Should you put your money in cash or equities?

I’m old enough to remember when you could get 10% on a cash savings account. Yes, that’s right. 10%. It’s not a typo. I had it on my Woolwich savings account in the late 1990s/early 2000s.

With interest rates languishing at ‘emergency’ levels for a decade or more, I never thought I’d see that kind of level again. But with interest rates now rising significantly, cash is starting to look interesting, especially for low-risk investors or those that need their money within a year or two.

A quick search on shows you can get up to 2.55% on an easy access account or up to 5% if you’re happy to lock it away for two years*.

Is cash the safest option?

With all the volatility in equity and bond markets it would be easy to conclude that cash would be the way to go now and forget about investing. But that could be a mistake.

While cash is still safer – up to £85,000 per person is protected should your bank go bust – it will still lose value in real terms if inflation is higher than the rate of interest you earn.

Other assets can also provide capital growth as well as income over the longer term.

When capital returns can pay (extra) dividends

In a recent video interview, Kevin Murphy, co-manager of Schroder Income fund, explained why capital returns can help boost your income over the longer term.

“Let’s say you invest £100 in your building society account earning 5%, you’ll gain £5 a year interest,” he said. “Stocks today yield just less than 3.5%. So, if you invest £100 in a stock, your dividend return will be £3.50, which is clearly less than the £5 interest.

“But when you invest in a share, you get something that you can’t get when you put money into a bank account, and that’s the potential of capital growth.

“To give you a real-life example, when the Schroder Income fund was launched in 1988, it’s yield was about 3.5% and, 34 years later, its yield is still about 3.5%. But because of the growth in capital, it’s 3.5% of a very much larger number.

“So, if you invested £100 at the dawn of the fund, your dividend would’ve been £3.50 a year, but because of the growth in the capital part, that £100 invested will now be delivering £18 worth of dividends each year because the £100 has grown and the income has grown alongside it. And that’s something that simply can’t happen for money on deposit.

“But it’s very difficult to compare interest rates and dividend yields. They’re fundamentally different things, with different risk profiles and what is right for you depends entirely on your own personal circumstances.”

A balanced portfolio may pay over time

FundCalibre’s own James Yardley has also pointed out that a mixed balanced portfolio of 60% equities 40% bonds has beaten cash 73% of the time on a rolling five-year basis over the past 30 years**.

“Having looked at the data, the cumulative return of a balanced portfolio was 722% over 30 years compared to just 150% for cash**,” he said.

This period includes several stock market and bond market crashes including the tech bubble, global financial crisis and Covid.

“The best period for cash was during the dotcom bubble between 1997 and 2002 when it outperformed the balanced portfolio by 31%**,” he continued. “The best periods for the balanced portfolio were between 1992 and 1997, and 2011 and 2016 when it outperformed cash by 73% and 71% respectively**.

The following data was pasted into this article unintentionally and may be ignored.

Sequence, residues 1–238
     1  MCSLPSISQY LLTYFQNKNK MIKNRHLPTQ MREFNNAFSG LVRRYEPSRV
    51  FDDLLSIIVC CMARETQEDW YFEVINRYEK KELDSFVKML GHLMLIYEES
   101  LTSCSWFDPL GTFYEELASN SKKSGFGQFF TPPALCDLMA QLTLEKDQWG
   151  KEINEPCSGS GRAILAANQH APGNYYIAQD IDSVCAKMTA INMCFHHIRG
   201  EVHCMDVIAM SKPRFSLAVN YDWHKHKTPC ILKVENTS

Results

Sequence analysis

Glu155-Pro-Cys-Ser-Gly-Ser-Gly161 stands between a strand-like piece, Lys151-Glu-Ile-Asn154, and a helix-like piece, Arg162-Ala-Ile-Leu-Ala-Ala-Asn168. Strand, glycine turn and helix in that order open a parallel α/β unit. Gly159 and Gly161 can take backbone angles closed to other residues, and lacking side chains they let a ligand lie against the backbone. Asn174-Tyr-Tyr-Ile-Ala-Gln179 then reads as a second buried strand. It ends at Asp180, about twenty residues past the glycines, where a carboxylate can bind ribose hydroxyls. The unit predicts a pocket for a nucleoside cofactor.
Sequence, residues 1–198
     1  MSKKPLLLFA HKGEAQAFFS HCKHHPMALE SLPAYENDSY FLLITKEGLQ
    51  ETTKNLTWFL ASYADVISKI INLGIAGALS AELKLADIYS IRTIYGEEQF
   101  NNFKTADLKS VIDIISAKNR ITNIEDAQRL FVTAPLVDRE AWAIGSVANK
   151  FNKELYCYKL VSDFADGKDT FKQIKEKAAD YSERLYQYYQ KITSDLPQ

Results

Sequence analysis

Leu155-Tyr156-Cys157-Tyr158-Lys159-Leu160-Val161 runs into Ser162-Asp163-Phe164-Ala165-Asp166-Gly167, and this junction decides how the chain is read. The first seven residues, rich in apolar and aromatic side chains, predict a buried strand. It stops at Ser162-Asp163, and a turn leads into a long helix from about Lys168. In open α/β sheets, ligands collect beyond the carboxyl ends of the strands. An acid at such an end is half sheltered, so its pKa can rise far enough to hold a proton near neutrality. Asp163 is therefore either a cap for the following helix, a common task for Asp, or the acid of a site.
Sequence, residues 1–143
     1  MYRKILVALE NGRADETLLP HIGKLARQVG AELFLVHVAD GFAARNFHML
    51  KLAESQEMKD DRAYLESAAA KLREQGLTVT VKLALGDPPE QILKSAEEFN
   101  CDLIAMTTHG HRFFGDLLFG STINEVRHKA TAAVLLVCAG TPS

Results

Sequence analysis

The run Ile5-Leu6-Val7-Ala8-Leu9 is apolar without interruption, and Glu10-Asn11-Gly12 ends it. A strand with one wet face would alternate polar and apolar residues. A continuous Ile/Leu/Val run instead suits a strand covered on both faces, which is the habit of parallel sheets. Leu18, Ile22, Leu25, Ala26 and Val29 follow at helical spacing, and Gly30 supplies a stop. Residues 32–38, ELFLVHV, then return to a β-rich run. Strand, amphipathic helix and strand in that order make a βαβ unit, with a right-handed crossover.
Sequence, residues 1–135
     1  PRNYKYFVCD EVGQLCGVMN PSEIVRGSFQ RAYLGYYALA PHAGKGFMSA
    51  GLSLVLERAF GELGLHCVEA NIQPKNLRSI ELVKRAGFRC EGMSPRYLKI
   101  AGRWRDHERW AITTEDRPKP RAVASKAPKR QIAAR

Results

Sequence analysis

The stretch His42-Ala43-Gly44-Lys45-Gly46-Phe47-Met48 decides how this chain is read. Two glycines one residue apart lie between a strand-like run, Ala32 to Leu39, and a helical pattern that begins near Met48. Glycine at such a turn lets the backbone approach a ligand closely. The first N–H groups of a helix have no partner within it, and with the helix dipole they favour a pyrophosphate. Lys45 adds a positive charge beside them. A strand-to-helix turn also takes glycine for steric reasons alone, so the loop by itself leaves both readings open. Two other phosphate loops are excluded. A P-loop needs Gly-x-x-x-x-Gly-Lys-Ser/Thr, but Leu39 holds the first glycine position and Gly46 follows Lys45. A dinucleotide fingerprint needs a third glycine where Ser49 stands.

“Overall, you have been much better off being invested in the balanced portfolio versus cash over the longer term, as you would expect. Cash is obviously looking much more attractive at the moment with interest rates rising steeply, but other assets are re-pricing to reflect that. Hence the recent falls in equities, bonds and property which should now have higher future returns going forward.”

Investors looking to make the most of dividends and capital returns could consider the Elite Rated Murray Income Trust, Artemis Income, LF Montanaro European Income, or Jupiter Asian Income funds.

Research all Elite Rated UK Equity Income and Global Equity Income funds

Alternatively, FundCalibre has several Elite Rated multi-asset income funds that you could consider, including Aegon Diversified Monthly Income, Close Managed Income and Jupiter Merlin Income.

Research all Elite Rated Multi-Asset funds


*Source: moneysavingexpert, 18 October 2022
**Source: FE fundinfo, total returns in sterling, 30 September 1992 to 30 September


Photo by Towfiqu barbhuiya on Unsplash

This article is provided for information only. The views of the author and any people quoted are their own and do not constitute financial advice. The content is not intended to be a personal recommendation to buy or sell any fund or trust, or to adopt a particular investment strategy. However, the knowledge that professional analysts have analysed a fund or trust in depth before assigning them a rating can be a valuable additional filter for anyone looking to make their own decisions. Past performance is not a reliable guide to future returns. Market and exchange-rate movements may cause the value of investments to go down as well as up. Yields will fluctuate and so income from investments is variable and not guaranteed. You may not get back the amount originally invested. Tax treatment depends of your individual circumstances and may be subject to change in the future. If you are unsure about the suitability of any investment you should seek professional advice. Whilst FundCalibre provides product information, guidance and fund research we cannot know which of these products or funds, if any, are suitable for your particular circumstances and must leave that judgement to you. Before you make any investment decision, make sure you’re comfortable and fully understand the risks. Further information can be found on Elite Rated funds by simply clicking on the name highlighted in the article.